Stem cell divisions in Arabidopsis roots are asymmetric. Each root stem cell division gives rise to a new stem cell and a ... Role of SCHIZORIZA in asymmetric cell division, cell fate segregation and specification in Arabidopsis root development. DSpace ... This study aims to contribute a deeper understanding of asymmetric cell division and fate segregation. The SCZ target genes ... 2010, Pernas, Ryan & Dolan 2010). This makes it an intriguing factor for studying asymmetric cell division and fate ...
Tox4 modulates cell fate reprogramming. Lotte Vanheer, Juan Song, Natalie De Geest, Adrian Janiszewski, Irene Talon, Caterina ... DEVELOPMENT AND STEM CELLS Asymmetric division of cyst stem cells in Drosophila testis is ensured by anaphase spindle ... DEVELOPMENT AND STEM CELLS Asymmetric division of cyst stem cells in Drosophila testis is ensured by anaphase spindle ... DEVELOPMENT AND STEM CELLS Asymmetric division of cyst stem cells in Drosophila testis is ensured by anaphase spindle ...
Tox4 modulates cell fate reprogramming. Lotte Vanheer, Juan Song, Natalie De Geest, Adrian Janiszewski, Irene Talon, Caterina ... Stem cells in adult tissues share two defining characteristics - cell division is self-renewing and asymmetric. In the ... Jan, Y. N. and Jan, L. Y. (2001). Asymmetric cell division in the Drosophila nervous system. Nat. Rev. Neurosci. 2,772 -779. ... Lin, H. and Spradling, A. C. (1997). A novel group of pumilio mutations affects the asymmetric division of germline stem cells ...
Asymmetric division of contractile domains couples cell positioning and fate specification. *Jean-Léon Maître ... Skin stem cells, but not their progenitors, are able to form tumours owing to the ability of oncogene-targeted stem cells to ... and genetic and experimental manipulation of cell contractile components is used to analyse the formation of the inner cell ... A subset of dorsal clock neurons are identified in Drosophila as sleep-promoting cells, which participate in a feedback loop ...
J Cell Sci. 2019 Oct 24;133(5). pii: jcs235358. doi: 10.1242/jcs.235358. ... Notch signalling frequently facilitates fate determination. Asymmetric cell division (ACD) often controls segregation of Notch ... A new role for Notch in the control of polarity and asymmetric cell division of developing T cells.. Charnley M1,2,3, Ludford- ... Contrary to prevailing models, we demonstrate that Notch signalling controls the distribution of Notch1 itself and cell fate ...
Quiescence is a condition where molecular signaling pathways maintain the poised cell-cycle state whilst enabling rapid cell ... maintain and gear stem cells towards re-activation. Cancer stem cells have been extensively studied in most malignancies, ... maintain and gear stem cells towards re-activation. Cancer stem cells have been extensively studied in most malignancies, ... molecular mechanisms and properties of the neighboring cells can influence the molecular processes behind glioma stem cell ...
During SOP division, the determinants Numb and Neuralized segregate into the pIIb daughter cell and establish a distinct cell ... fate by regulating Notch/Delta signaling. Here, we describe a Num … ... cells are a well-studied model system for asymmetric cell division. ... cells are a well-studied model system for asymmetric cell division. During SOP division, the determinants Numb and Neuralized ...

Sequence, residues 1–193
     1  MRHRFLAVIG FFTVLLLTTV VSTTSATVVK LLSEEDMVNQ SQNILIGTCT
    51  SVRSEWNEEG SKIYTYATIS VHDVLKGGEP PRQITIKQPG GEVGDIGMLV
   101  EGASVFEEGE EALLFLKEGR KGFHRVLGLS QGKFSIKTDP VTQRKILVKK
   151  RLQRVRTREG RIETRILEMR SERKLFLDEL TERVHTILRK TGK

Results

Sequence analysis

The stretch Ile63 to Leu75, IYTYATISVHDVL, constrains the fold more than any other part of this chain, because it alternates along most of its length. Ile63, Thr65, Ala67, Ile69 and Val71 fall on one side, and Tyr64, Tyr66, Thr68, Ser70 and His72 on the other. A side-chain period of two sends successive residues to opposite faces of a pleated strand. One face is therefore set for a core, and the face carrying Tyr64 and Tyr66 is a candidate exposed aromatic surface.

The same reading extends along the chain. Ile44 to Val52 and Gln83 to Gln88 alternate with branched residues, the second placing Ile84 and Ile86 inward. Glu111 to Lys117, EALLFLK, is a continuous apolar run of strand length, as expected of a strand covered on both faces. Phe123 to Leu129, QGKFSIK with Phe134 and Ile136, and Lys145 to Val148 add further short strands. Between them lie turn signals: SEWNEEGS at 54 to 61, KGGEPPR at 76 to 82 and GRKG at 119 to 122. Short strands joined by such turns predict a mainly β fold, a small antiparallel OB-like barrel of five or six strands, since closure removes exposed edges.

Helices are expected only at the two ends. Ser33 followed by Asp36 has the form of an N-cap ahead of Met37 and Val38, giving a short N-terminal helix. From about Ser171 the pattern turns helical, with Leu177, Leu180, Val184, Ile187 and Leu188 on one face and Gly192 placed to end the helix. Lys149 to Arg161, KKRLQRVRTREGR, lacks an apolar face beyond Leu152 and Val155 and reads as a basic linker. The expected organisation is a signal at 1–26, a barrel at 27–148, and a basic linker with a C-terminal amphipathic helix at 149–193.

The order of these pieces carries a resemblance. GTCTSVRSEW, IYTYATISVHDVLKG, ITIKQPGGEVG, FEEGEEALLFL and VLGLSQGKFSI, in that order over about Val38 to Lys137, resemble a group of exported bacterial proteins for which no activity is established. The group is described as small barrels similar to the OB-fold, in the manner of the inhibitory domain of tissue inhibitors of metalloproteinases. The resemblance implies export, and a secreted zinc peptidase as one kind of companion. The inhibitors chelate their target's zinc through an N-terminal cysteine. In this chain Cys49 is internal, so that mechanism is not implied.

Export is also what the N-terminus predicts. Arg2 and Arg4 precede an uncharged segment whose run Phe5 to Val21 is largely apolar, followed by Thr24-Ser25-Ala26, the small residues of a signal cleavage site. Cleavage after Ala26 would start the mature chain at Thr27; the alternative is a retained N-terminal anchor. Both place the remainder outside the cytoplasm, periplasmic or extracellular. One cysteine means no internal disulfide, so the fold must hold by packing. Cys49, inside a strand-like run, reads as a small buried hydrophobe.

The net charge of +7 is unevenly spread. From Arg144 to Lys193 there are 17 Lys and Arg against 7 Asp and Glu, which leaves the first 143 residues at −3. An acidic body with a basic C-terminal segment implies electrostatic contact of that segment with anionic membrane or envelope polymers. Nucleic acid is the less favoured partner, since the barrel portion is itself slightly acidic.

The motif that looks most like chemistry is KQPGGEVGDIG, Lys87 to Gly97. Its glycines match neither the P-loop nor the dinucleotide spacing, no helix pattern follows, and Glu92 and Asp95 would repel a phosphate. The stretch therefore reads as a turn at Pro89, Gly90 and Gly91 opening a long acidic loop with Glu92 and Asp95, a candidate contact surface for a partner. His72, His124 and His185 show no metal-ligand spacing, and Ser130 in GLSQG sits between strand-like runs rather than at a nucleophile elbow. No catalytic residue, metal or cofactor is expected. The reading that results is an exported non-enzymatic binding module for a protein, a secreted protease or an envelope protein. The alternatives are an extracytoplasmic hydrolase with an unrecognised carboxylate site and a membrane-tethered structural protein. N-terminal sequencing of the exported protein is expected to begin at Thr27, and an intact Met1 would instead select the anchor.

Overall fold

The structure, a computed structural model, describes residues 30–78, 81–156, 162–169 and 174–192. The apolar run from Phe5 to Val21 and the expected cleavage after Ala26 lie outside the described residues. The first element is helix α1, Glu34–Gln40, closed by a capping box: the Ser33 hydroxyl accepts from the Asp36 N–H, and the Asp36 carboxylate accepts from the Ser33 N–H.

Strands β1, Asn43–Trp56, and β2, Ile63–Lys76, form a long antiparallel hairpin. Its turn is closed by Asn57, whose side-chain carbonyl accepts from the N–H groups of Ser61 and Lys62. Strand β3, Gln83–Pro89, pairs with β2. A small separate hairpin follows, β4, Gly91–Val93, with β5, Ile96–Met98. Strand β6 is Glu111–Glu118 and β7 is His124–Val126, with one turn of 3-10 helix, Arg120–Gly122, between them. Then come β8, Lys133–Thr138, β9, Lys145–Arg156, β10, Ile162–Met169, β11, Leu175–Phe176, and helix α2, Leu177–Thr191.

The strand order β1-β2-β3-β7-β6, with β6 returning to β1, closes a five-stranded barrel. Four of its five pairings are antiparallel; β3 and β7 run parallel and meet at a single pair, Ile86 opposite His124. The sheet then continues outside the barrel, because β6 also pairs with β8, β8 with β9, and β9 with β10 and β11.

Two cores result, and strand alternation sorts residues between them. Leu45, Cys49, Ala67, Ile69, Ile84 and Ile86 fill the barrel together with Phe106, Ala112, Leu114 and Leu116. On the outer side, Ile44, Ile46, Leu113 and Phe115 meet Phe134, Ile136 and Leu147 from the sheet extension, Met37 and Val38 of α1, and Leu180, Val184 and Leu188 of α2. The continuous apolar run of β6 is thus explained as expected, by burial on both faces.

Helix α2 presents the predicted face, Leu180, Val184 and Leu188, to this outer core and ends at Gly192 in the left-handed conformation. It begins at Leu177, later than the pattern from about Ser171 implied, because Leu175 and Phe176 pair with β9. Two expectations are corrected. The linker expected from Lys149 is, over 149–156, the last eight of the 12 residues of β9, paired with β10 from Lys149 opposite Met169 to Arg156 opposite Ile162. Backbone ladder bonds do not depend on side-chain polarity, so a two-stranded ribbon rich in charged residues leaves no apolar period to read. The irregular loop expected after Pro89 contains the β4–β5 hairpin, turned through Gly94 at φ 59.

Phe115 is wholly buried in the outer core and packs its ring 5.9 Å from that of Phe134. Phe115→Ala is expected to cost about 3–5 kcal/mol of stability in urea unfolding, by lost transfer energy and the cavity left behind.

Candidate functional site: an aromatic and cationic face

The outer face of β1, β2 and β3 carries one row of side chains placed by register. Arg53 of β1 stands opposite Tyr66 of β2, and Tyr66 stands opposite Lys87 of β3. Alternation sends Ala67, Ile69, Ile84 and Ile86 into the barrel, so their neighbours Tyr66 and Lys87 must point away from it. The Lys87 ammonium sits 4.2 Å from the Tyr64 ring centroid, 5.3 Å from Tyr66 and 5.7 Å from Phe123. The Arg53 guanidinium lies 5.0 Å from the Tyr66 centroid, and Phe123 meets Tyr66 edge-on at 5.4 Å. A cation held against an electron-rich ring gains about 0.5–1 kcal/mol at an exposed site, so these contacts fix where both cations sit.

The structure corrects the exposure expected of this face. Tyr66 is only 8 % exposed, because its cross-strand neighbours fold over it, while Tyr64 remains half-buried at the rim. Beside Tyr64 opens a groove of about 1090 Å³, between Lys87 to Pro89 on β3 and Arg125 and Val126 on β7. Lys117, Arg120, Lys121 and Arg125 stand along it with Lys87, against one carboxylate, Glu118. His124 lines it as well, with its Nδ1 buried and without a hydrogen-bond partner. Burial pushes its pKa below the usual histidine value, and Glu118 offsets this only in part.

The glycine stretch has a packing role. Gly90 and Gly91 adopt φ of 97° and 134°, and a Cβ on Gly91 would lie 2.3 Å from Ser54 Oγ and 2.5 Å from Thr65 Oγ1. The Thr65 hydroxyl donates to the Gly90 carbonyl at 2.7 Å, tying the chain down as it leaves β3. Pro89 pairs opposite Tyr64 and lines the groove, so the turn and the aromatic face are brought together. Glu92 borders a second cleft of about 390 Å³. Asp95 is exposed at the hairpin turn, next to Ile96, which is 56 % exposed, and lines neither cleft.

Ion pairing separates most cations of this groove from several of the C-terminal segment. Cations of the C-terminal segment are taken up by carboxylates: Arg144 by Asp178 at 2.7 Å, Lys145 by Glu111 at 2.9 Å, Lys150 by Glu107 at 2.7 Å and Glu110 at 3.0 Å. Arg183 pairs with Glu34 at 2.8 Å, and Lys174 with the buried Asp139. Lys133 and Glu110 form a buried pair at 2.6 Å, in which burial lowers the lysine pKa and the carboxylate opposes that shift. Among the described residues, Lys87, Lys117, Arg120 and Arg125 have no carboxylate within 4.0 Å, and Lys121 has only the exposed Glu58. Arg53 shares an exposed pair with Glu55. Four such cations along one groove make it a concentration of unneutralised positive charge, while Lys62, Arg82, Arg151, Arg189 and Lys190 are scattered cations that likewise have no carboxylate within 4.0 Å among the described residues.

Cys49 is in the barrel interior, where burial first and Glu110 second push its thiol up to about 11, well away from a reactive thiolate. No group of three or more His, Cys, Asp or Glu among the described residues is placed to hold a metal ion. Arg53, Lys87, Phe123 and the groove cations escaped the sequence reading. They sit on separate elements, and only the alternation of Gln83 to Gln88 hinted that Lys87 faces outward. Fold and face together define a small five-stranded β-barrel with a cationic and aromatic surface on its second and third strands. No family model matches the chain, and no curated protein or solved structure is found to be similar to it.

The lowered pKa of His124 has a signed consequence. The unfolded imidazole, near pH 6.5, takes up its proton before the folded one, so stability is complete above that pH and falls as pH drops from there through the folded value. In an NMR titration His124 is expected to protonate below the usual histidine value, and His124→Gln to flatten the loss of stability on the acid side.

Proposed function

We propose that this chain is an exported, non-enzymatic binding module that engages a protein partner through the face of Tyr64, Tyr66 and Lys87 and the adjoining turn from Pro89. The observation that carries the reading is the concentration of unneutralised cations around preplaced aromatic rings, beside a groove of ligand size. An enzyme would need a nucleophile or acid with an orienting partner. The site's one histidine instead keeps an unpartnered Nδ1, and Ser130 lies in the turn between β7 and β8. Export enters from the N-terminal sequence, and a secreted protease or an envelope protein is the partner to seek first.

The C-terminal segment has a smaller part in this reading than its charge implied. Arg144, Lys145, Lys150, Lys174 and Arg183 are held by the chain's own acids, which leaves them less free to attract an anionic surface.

This asymmetric cell division usually occurs early in embryogenesis. Positive feedback can create asymmetry from homogeneity. ... These processes are cell proliferation, cell specialization, cell interaction and cell movement. Each cell in the embryo ... If a cell is in a determined state, the cells fate cannot be reversed or transformed. In general, this means that a cell ... This technique of fate mapping is used to study cells as they differentiate into their final cell fates. Merely observing a ...
Asymmetric Division and Segregation of Cell Fate in the Stomatal Lineage. Stomatal development serves as a model to study de ... After asymmetric cell division, POLAR-GFP is upregulated in only one of the daughter cells, which is predictive of the cell ... Those protodermal cells that did not undergo asymmetric entry division but underwent pavement cell differentiation or, ... 2009). Plant asymmetric cell division, vive la différence! Cell 137: 1189-1192. ...
Asymmetric division is an evolutionarily conserved process that generates daughter cells with different fates through the ... Top: Basic motif of asymmetric division in normal development. The apical localization of aPKC in the dividing stem cell ... Middle, Bottom: Subversion of asymmetric division during oncogenesis.. Balanced symmetric and asymmetric divisions allow ... Fearful symmetry: subversion of asymmetric division in cancer development and progression.. Bajaj J1, Zimdahl B1, Reya T2. ...
2009) Linking asymmetric cell division to the terminal differentiation program of postmitotic neurons in C. elegans. Dev Cell ... 2008) Mechanisms of asymmetric cell division: flies and worms pave the way. Nat Rev Mol Cell Biol 9:355-366. ... These three cells descend from a single progenitor, the ray precursor cell, through several rounds of asymmetric division ... 2010) Wnt signaling controls the stem cell-like asymmetric division of the epithelial seam cells during C. elegans larval ...
Notch signaling acts before cell division to promote asymmetric cleavage and cell fate of neural precursor cells ... Signaling by Notch is involved early in the precursor cell to regulate asymmetric cell division and cleavage. ... Notch signaling acts early to promote asymmetric cell division in Drosophila neural precursor cells. ... Online Cover This week features a Research Article that shows a role for Notch signaling in the asymmetric division of neural ...